A few stars are known which are hardly bigger than the earth, but most of them are so large that hundreds of thousands of Earth's can be packed inside each and leave room to spare.

Usually, an adjectival clause comes after the noun it describes, but here it is taking place after the verb (known) instead of the noun (stars). Secondly, the verb 'leave' is working either as a main verb or as a bare infinitive.

  • 1
    The relative clause "which are hardly bigger than the earth" is said to be postposed, because it occurs in postposed position, at the end of the clause containing its antecedent. It's better to call "leave" the 'predicator', or simply 'head' of the relative clause, rather than the ill-named 'main verb'
    – BillJ
    Commented May 29 at 7:11
  • I would repeat "stars" instead of saying "most of them" : "but most stars are so large..."
    – TimR
    Commented May 29 at 17:05
  • Do this: A few stars, hardly bigger than the earth, are known
    – Lambie
    Commented May 29 at 18:20

3 Answers 3


Yes, that's correct. Normally the relative clause follows the verb, but here (and following the "end weight" principle) it is moved to the end of the clause. The alternative

A few stars {which are hardly bigger than the Earth} are known.

suffers from the problem of having a long and complex subject that delays the verb. The author's solution to this is to place the relative clause at the end. It is correct grammar.

The word "leave" is bare infinitive. Compare "I can eat ice cream and be happy". It means "I can be happy by eating ice cream". Or in the Earth example, You could leave space even after packing hundreds of thousands of Earths into a star.

  • Who would write that? A few stars, hardly bigger than the earth, are known etc.
    – Lambie
    Commented May 29 at 18:21

You could also write:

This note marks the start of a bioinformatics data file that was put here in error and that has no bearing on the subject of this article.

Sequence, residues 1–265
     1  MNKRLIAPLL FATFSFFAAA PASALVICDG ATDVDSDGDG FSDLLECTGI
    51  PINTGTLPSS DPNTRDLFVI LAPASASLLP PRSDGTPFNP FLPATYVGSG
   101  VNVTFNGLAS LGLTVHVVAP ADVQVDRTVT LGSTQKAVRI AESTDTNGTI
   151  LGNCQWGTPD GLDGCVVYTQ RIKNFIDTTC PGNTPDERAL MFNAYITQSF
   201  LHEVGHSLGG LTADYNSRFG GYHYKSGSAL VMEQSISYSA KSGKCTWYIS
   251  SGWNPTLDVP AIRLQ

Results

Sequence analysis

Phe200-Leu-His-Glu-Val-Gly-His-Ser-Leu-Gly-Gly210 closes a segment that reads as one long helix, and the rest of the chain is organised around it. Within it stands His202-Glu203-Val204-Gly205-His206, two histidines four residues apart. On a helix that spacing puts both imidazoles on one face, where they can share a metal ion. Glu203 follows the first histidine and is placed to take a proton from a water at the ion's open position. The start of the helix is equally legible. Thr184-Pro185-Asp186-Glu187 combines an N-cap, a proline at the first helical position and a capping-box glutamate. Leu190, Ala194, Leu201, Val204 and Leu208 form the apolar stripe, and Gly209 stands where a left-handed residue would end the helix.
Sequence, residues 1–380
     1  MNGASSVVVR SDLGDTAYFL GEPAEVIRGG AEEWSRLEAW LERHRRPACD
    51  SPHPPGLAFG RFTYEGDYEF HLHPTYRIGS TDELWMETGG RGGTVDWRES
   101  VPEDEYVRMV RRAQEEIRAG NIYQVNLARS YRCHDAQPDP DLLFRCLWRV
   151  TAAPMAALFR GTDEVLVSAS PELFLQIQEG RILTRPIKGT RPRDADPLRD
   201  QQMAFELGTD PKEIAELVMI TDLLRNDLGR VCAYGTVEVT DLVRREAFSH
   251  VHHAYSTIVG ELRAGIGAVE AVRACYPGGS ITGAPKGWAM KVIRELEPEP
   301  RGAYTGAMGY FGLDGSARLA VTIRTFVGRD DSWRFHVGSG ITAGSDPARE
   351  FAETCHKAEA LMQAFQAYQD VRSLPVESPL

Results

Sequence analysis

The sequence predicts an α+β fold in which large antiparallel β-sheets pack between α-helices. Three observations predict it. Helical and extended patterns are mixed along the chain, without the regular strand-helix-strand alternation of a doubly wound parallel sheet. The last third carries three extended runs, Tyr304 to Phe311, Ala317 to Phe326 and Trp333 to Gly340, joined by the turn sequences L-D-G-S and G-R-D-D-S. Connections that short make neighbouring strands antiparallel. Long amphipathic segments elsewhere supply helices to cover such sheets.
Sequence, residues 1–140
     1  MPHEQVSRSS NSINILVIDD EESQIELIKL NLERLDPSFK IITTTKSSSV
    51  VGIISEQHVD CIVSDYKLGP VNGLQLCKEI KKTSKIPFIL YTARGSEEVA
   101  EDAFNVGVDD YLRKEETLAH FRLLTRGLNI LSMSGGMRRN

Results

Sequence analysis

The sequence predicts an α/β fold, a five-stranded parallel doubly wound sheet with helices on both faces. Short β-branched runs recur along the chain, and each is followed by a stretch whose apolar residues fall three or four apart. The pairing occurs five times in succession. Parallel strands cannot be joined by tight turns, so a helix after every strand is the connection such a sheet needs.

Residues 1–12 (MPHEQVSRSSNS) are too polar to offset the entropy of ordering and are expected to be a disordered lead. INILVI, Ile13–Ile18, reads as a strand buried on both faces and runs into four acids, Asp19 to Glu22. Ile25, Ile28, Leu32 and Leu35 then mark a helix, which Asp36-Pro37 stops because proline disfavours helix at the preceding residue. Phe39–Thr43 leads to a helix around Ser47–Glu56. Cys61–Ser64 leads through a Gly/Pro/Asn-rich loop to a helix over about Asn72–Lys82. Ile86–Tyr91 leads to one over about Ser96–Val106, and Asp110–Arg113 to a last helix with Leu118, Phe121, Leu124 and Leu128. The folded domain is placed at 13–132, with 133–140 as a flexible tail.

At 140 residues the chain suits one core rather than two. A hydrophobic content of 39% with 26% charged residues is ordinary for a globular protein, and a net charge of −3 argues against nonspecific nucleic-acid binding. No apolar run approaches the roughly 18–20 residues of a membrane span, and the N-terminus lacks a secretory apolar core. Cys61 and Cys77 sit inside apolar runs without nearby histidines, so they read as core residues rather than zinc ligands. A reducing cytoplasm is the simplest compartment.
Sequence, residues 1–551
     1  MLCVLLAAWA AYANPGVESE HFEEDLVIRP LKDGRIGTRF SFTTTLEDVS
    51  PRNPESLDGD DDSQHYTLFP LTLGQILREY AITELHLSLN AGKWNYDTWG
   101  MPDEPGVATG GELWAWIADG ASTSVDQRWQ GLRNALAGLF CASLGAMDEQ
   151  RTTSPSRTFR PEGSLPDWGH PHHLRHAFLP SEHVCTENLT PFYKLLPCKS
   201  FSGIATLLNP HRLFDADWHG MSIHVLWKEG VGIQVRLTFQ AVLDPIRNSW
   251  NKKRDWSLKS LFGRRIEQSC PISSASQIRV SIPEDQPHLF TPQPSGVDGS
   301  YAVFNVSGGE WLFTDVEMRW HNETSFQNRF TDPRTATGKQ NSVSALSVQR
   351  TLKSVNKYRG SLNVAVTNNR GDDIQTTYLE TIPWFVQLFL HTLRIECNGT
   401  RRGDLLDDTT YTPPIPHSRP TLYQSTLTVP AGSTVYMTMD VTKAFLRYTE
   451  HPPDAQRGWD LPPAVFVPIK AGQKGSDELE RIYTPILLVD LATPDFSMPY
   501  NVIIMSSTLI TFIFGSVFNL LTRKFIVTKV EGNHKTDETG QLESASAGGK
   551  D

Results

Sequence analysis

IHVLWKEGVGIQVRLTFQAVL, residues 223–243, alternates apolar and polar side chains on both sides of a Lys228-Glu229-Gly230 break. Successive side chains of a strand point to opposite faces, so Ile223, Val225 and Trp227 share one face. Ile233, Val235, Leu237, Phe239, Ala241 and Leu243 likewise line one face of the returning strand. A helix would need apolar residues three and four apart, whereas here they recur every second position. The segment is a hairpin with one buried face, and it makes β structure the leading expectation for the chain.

A few stars hardly bigger than the earth are known, but most stars are so large that ....


"Leave" is both a main verb and a bare non-finite verb. The two entities are not mutually exclusive. Verbs can be divided as main (non-auxiliary) vs. auxiliary. As a separate matter, verbs can be divided as finite (tensed) vs. non-finite.

  • I strongly recommend that you drop the term 'main verb'. There is a clause for every verb, so all verbs could in theory be called 'main', but that's pointless. The catenative-auxiliary analysis is preferable, where auxiliaries are just as much 'main verbs' as lexical ones.
    – BillJ
    Commented May 29 at 14:49
  • @BillJ Few learners need to use CGEL terminology.
    – Lambie
    Commented May 29 at 18:23
  • In the same way, every auxiliary is a word (part of the lexis), so all verbs could in theory be called "lexical" (assuming your objection is denotational). Labels don't have to be hyper-literal.
    – ishtar
    Commented May 30 at 20:35
  • @ishtar No: auxiliary verbs are verbs with the NICE properties. This is what sets them apart from lexical verbs. Basic elementary grammar. Note that in, for example "She is [writing a novel]", the verb "is" is just as much a 'main' verb as "writing" is, though the former is an auxiliary.
    – BillJ
    Commented Jun 9 at 8:29
  • @BillJ Thank you for telling me what auxiliary verbs are, but you seem to be deliberately missing the point.
    – ishtar
    Commented Jun 9 at 12:55

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